For the homepage, there are three range changes for content-level ad units, as reflected by the two range columns in Table 3.
|Unit||Format†||Size‡ (Kb)||Range1 (px)||Range2|
|† Static (universal): GIF, PNG, JPG. Animation (Supplemental): GIF only (no Flash allowed).
‡ Maximum size as suggested by the MMA and IAB.
|3:1 Rectangle||Static||40||≥ 320-599||1105-max|
|Medium Rectangle||Static||40||≥ 320-599||1105-max|
The ad units in Table 3 are the same ones used in the side-column of magazine articles too, shown in Table 4, but in different ranges due to the 2-column structure of article page templates.
|† Embedded in middle of actual magazine article.|
We aim for a balance between advertiser visibility and overall length of web page. Since page length is greatest at narrower widths, it’s prudent to use shorter (less tall) ads in those cases to reduce the scrolling imposed on web visitors.
For example, we don’t use a Wide Skyscraper ad in linear content states because the height of the ad directly contributes to the overall length of the page. By contrast, the Wide Skyscraper works well in two-column layouts because its height parallels the main content area. In fact, the skyscraper ad helps provide content balance between the main and side columns.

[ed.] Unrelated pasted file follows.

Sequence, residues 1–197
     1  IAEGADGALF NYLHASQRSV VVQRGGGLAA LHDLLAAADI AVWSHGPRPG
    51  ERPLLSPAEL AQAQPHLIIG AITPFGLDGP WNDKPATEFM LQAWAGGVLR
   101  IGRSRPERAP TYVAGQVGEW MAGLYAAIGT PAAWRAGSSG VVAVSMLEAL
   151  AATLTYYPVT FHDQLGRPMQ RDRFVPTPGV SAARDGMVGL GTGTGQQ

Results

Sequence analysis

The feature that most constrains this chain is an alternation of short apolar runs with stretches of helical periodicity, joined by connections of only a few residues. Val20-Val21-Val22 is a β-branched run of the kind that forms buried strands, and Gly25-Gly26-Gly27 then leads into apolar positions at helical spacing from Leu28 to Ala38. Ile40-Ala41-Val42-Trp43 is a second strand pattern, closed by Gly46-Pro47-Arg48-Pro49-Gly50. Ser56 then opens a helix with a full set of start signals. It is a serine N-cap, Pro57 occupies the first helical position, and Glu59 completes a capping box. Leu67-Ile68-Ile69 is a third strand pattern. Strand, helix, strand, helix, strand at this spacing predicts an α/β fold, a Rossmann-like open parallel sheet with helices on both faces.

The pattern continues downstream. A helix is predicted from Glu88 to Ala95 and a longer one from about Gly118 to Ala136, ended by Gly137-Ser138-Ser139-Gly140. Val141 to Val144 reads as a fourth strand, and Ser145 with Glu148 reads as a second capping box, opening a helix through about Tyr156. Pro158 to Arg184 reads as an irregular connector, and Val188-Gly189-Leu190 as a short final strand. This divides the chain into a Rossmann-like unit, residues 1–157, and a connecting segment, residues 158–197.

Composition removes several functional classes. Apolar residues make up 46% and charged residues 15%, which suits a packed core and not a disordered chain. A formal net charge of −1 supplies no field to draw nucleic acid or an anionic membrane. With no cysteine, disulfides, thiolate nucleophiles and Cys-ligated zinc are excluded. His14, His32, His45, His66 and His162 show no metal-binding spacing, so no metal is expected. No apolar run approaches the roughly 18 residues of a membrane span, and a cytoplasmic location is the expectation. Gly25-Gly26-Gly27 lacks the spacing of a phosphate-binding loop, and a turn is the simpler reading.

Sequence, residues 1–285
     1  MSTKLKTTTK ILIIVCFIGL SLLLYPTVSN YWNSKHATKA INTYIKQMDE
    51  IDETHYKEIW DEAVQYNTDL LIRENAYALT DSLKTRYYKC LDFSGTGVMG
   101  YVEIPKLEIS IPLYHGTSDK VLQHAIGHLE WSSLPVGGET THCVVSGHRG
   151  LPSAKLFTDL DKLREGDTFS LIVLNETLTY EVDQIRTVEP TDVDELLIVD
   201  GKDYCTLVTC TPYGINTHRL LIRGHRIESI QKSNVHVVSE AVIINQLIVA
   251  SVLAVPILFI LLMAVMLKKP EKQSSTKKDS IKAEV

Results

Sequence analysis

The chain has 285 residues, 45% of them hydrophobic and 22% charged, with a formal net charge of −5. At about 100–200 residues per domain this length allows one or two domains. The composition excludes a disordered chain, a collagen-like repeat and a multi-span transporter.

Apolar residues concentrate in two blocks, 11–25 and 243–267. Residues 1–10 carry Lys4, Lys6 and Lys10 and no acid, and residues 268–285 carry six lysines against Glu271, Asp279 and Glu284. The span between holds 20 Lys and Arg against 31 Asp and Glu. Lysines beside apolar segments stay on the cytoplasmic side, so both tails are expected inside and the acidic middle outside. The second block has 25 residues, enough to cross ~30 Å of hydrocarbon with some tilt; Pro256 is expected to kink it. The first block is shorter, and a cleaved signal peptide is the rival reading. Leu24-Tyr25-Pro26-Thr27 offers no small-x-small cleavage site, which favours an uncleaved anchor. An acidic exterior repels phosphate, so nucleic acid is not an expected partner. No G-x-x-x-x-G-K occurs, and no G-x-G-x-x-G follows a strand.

When the state is linear, we reduce our own web content in the side column to spare readers a journey after the main article is done. In this case, a single 3:1 Rectangle is provided in phone portrait and landscape widths.
Main content area
As noted in Table 4, ads in the main content area are restricted to just a Medium Rectangle, from 320-844 pixels widths. When layout widths increase, the Medium Rectangle appears again at widths 960px and above.
The ad hosting technology
TXP provides the ad hosting and rotation technology, which is a custom Textpattern development for this specific process. Advertisers provide their ad creative and we load the files into our CMS, integrating them with the ad rotation tech. Again, only the ads of a single advertiser display during any given impression; there’s no competition for user attention. We may promote Textpattern project activities too (such as design competitions and swag store merchandise), but these will not occupy regular advertiser space.